Map Page 1119 Area 76,641 square mi (198,500 square km) Population 4,892,808 Capital Bishkek Highest Point 24,407 ft (7,439 m) Lowest Point 433 ft (132 m) GDP per capita $1,600 Primary Natural Resources hydropower, gold, coal, oil.
LANDLOCKED AND MOUNTAINOUS, the Kyrgyz Republic achieved its independence in 1991 following the collapse of the Soviet Union.
Kyrgyzstan features spectacular mountain vistas and incredible natural beauty reminiscent of SWITZERLAND.
Despite its natural beauty and recent attempts to develop a thriving tourist industry, Kyrgyzstan remains mired in poverty.
Additional challenges include implementing democracy, combating ethnic tensions, and thwarting terrorism.
Central Asia's second-smallest country in terms of area, Kyrgyzstan borders KAZAKHSTAN to the north, CHINA to the east, TAJIKISTAN to the south, and UZBEKISTAN to the west.
Kyrgyzstan is dominated by the TIAN SHAN (primarily) and Pamir (in the south) mountain ranges.
The vast majority of the country (roughly 75 percent) is continuously covered by snow and glaciers.
Traversing the Tian Shan remains relatively difficult, as a summer trip from the northern capital of Bishkek to the southern second-largest city of Osh (a distance of 186 mi or 300 km) takes more than 10 hours by automobile.
Kyrgyzstan is also home to numerous alpine lakes, the largest and deepest of which is Lake Issyk-Kul, located near the Kazakh border in the north.
The lake reaches a depth of 2,300 ft (700 m); its clear, sky-blue water and health resorts make the lake a popular tourist destination.
For a country its size, Kyrgyzstan has surprising climatic variability, ranging from polar to dry continental through the mountains, to temperate northern foothills, to subtropical in the southwest.
Kyrgyzstan's most valuable natural resource may be its gold deposits.
The Kyrgyz republic was home to the Soviet Union's largest gold mine (Makmal), which continues to be one of the largest proven gold reserves in the world.
Kyrgyzstan's population is ethnically diverse, including Kyrgyz (64.9 percent), Uzbek (13.8 percent), Russian (12.5 percent), Dungan (1.1 percent), Ukrainian (1 percent), and Uygyr (1 percent) peoples.
Population distribution is concentrated in the Fergana, Talas, and Chu valleys and is centered in the cities of Bishkek (the capital, 2004 population 866,300) and Osh (2004 population 229,700).
Most citizens are adherents to the religion of Islam (75 percent), although a sizable minority of Russian Orthodox (20 percent) exists.
A secular state, Kyrgyzstan has two official languages, Kyrgyz and Russian.
Kyrgyzstan's economy, like that of other poor countries, is dominated by the agricultural sector.
A full 55 percent of the labor force is engaged in farming.
Nomadic herders raise sheep (for both meat and wool), cattle, and yaks.
Other agricultural products include cotton, tobacco, and a variety of vegetables.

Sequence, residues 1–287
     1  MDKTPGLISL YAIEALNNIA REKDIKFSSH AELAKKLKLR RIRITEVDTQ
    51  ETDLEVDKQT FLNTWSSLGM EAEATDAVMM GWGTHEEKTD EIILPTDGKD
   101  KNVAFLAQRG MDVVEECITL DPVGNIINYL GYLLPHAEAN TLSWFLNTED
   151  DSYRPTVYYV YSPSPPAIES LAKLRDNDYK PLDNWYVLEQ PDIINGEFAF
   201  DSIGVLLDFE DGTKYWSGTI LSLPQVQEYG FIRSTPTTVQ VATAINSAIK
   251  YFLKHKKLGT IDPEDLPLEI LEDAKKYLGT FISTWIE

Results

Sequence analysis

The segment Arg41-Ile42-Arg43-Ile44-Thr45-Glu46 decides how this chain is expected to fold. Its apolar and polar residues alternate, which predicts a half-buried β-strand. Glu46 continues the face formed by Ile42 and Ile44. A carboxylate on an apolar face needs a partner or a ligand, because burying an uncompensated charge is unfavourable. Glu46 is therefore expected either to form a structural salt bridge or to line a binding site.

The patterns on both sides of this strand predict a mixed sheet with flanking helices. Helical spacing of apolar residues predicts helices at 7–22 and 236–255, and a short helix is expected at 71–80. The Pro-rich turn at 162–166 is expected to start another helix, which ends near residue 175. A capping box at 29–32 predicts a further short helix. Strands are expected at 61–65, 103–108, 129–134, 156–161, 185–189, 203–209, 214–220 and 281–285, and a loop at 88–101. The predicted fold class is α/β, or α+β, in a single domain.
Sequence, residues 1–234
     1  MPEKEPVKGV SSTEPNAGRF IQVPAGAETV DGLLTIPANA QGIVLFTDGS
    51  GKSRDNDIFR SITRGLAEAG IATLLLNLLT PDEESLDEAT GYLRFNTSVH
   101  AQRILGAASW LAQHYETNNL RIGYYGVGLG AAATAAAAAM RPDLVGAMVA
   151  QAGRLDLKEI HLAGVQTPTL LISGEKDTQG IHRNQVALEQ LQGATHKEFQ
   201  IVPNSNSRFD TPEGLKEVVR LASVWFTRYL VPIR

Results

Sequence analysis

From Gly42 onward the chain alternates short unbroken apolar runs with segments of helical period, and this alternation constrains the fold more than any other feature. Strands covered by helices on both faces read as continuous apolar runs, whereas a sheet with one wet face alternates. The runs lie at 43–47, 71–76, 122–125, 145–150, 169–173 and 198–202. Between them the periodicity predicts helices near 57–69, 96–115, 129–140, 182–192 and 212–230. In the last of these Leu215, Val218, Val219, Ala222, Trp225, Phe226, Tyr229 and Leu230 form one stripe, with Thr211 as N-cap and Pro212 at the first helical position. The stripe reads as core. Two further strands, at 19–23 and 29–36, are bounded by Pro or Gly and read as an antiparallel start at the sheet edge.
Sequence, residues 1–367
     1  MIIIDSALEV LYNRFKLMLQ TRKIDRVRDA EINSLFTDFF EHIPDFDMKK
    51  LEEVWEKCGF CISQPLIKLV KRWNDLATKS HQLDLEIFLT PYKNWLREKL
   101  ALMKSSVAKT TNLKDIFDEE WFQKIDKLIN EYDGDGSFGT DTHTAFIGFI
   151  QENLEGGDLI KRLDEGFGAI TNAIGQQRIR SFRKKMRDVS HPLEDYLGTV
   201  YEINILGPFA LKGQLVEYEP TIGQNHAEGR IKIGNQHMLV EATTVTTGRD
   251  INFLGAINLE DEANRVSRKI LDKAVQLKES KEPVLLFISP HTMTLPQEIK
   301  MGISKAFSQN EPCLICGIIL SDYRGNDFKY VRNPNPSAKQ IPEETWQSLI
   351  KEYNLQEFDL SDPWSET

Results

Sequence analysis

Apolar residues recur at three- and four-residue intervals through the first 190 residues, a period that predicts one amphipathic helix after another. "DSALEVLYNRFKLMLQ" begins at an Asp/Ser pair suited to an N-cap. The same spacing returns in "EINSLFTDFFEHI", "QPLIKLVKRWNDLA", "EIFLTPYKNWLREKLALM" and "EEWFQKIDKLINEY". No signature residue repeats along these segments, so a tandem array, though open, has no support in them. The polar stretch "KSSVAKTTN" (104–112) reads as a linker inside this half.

Industry, which accounts for just 15 percent of the labor force, is limited to gold, small machinery, textiles, and food processing.
During its first decade of independence, Kyrgyzstan implemented more market-oriented economic reform but experienced slower economic growth than the other former Soviet republics of Central Asia.
Perhaps the most pressing geographical/political issue facing Kyrgyzstan is its complex western boundary with Uzbekistan and Tajikistan.
Three large Tajik exclaves exist entirely within Kyrgyzstan's borders, and a serious boundary dispute continues with Uzbekistan.
Here, seemingly arbitrary boundaries fragment ethnic groups and unite dissimilar peoples.
Kyrgyzstan's relative location has also fostered a growing problem of illegal narcotics traffic.
The country has become a corridor for the movement of opium and heroin produced in AFGHANISTAN and Tajikistan, bound for the European market.
Combating terrorism represents an additional problem confronting Kyrgyzstan.
Radical Islam has penetrated the country, and Osh is considered by many to be the Soviet Central Asian headquarters of Wahhabism.
- China’s glass-bottom bridge appeared to be not as strong as everybody expected
"The glass on the bottom got cracked just underneath the tourists
It is reported that one of the tourists dropped a metal mug on the bridge floor while visiting this new place of interest. It resulted in a glass crack. When this happened all the tourists were immediately evacuated and the bridge itself was closed to the public.
The representatives of the Shiniuzhai geological park, where the bridge is placed state that the accident didn’t threaten the visitors’ security as there was only 1 of the 3 glass layers that got cracked. The glassmaker also agrees that there was nothing to worry about and the glass cracks don’t pose any risk to the tourists. However, it’s hard to believe, but that is not the first material flaw produced by this company. A year ago the glass floor placed at one of the skyscrapers in Chicago got cracked and was supplied by the same company. "
- Tourists from Germany and Poland have stolen a gondola
"Two tourists from Germany and Poland “have borrowed” a gondola while its owner was absent and started their romantic cruise along the Venetian canals. They didn’t manage to go far away as the police arrested them. And now the tourists are facing a sentence: they have already been charged for stealing and creating a hazardous situation on the traffic artery of the city.
The angry owner of the gondola adds more fuel to the fire. Despite the fact that his vessel is undamaged he is on the point of applying to court for compensation for moral damage. He actually may be understood as the price for the cheapest gondola equals to the price for the premium class car. "